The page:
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Bridges project seeks to help small-scale forest operators

(L-r) Bridges II contractor Chris Ortner and Jim Burck, director of community economic development with the Ministry of Jobs, Training and Skills Training, get input from longtime local sawmill owner Joe Wadlegger on ways to help the small-scale forest industry in the Valley. Ortner and Burck toured from McBride to Barriere last week to kickstart the Bridges II process. - Keith McNeill
(L-r) Bridges II contractor Chris Ortner and Jim Burck, director of community economic development with the Ministry of Jobs, Training and Skills Training, get input from longtime local sawmill owner Joe Wadlegger on ways to help the small-scale forest industry in the Valley. Ortner and Burck toured from McBride to Barriere last week to kickstart the Bridges II process.
— image credit: Keith McNeill

A new provincial partnership called Bridges II could mean big opportunities for local woodlot licensees and community forests.

That was the message that consultant Chris Ortner and Jim Burck, community economic development director with the Ministry of Jobs, Tourism and Skills Training, brought to Clearwater on Thursday.

The pair were on a fact-finding tour of the McBride to Barriere corridor. The provincial government has identified the corridor as one of several sub-regional targets for economic development in B.C.

Chris Ortner“The goal is collaboration. We want to leverage the entrepreneurial spirit of the forest industry,” Ortner said. He was speaking at a meeting of woodlot owners and representatives of Wells Gray Community Forest on Thursday evening in the Community Resource Center in Clearwater.

Ortner is the former director of operations with Forest Renewal BC.

The consultant predicted the provincial government will expand the community forest and woodlot programs and said local operators should be ready for when that happens.

Possible sources of volume could be under-used species such as birch, or waste wood.

 

 


“It’s important that people realize that, while this is a government program, we’re not coming in andJim Burck telling you what is the model you should follow,” said Burck. “What we do will be based on what works for you. Do you want help with marketing or researching underutilized fibre? We rely on you for ideas you want help on.”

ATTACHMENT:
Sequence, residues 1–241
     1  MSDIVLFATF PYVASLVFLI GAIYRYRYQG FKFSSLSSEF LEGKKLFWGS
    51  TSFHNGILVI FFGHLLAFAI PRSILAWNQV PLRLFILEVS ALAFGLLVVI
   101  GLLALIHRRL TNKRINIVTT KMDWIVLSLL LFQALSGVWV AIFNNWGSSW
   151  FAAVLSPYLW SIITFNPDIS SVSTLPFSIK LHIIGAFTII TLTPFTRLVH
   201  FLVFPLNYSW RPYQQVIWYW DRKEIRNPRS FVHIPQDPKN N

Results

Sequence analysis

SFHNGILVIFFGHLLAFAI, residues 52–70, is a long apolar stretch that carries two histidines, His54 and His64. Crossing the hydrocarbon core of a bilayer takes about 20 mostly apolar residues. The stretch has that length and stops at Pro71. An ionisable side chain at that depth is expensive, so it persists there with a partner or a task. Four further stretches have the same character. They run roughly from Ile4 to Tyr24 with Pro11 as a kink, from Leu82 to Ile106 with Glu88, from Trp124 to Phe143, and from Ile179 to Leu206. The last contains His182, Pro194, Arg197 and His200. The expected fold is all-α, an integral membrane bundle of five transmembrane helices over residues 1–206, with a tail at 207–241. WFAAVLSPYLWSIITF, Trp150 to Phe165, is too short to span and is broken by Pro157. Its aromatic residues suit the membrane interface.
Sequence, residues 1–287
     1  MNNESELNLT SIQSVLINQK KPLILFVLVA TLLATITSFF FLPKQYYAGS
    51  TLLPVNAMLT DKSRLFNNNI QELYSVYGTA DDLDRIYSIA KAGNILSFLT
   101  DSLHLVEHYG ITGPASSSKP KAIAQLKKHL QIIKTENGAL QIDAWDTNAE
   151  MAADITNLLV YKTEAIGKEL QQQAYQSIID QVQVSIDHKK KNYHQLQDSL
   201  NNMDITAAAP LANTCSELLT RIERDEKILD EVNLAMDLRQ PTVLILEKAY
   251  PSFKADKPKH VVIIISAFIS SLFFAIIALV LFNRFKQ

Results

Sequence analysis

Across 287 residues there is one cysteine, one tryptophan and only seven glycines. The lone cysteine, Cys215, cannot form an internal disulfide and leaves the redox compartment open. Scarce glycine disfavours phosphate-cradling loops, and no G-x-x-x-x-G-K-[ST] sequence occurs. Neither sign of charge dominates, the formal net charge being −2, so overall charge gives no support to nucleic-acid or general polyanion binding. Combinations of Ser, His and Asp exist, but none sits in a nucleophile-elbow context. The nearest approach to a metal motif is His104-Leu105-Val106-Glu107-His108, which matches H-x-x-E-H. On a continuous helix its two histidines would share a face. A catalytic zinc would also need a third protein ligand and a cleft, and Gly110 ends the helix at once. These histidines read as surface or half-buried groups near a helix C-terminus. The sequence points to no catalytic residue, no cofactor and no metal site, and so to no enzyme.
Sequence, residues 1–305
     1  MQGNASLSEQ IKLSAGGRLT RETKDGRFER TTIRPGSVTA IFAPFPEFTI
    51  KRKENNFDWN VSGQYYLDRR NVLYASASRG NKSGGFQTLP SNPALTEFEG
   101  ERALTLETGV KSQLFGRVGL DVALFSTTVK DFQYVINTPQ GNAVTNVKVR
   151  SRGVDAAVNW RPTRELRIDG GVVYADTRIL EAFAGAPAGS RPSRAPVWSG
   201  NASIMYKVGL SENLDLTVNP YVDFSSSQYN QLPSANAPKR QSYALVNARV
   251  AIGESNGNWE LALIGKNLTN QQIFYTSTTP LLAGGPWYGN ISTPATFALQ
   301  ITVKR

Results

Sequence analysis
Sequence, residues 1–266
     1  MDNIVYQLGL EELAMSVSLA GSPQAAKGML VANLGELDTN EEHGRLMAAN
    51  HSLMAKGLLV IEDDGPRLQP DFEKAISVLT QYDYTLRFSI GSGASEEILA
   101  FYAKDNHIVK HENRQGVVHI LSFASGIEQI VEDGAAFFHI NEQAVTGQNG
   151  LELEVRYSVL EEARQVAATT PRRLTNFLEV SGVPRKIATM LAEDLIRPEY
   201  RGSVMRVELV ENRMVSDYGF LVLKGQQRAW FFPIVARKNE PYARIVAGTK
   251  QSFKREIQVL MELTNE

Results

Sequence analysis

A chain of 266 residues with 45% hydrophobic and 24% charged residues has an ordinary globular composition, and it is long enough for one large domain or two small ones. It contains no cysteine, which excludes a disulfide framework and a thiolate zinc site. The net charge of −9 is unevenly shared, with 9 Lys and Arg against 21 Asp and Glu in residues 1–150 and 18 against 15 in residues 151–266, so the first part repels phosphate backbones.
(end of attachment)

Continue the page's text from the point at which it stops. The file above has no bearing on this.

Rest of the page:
This is a good area for growing birch, said Brett Colborne, whose family operates a birch sawmill in Upper Clearwater.

“There’s lots of birch, but people aren’t cutting it,” he said.

While they have bought some birch from local woodlots, most of their volume recently has come from Prince George.

“Birch is a tough market,” Colborne said. “We’ve had ups and downs. Last year was our best ever, then we had a three month shutdown. We’re back up now but it’s still not good ... just a small volume.”

Japan is their biggest market, said the Upper Clearwater sawmill operator, but they’ve seen a falling off there as younger people buy printed paper rather than real wood veneers.

Woodlot owner Dave Flear said there were 5,000 piles of logging waste burned in the Valley this fall.

Chris Ortner noted that biggest available under-utilized wood volume is in waste.

Domtar is selling electricity to BC Hydro for 11 cents per kilowatt-hour, plus getting heat that could be used for schools or hospitals.

Seppi Wadlegger said his company has done some research into co-generation plants that are common in Austria and elsewhere in Europe.

Warren MacLennan noted that Kinder Morgan will probably be twinning its Transmountain pipeline within the next few years. When they do, they will dig a trench that would ideal for distributing heat via hot water through the middle of much of Clearwater. MacLennan said he has found Kinder Morgan easy to work with and speculated the pipeline company might be interested in working together on such a project.

One of the woodlot owners present said he has been selling Douglas fir tops under eight inches as pulp.

“That’s not a pulp log,” said Ortner. “That’s a small saw log that doesn’t have a market.”

MacLennan said he has had good success cutting and selling firewood, although it is a lot of work. He gets $500 per cord in Calgary. A truck costs $2,000 and carries 30 cords.

The Bridges 11 program is focussing on two sub-regions in the mountain pine beetle epidemic zone: the McBride to Barriere corridor, and the region around Kaslo.

According to a Bridges II project summary, the corridor between McBride and Barriere has five community forests and over 25 woodlots with a combined AAC (annual allowable cut) of 197,443 cubic meters

The $200,000 funding for the project is coming from a variety of agencies, including the Southern Interior Beetle Action Coalition (SIBAC).

The first phase of the Bridges project was successful in consulting with representatives of small tenure holders and value-added sectors, identifying impediments to increase business activity, and the successful creation and launch of the WoodSourceBC.com website.

 

Ortner and Burck said they plan to return to Clearwater for a Healthy Forests/Healthy Communities forum scheduled for Jan. 9.

 

 

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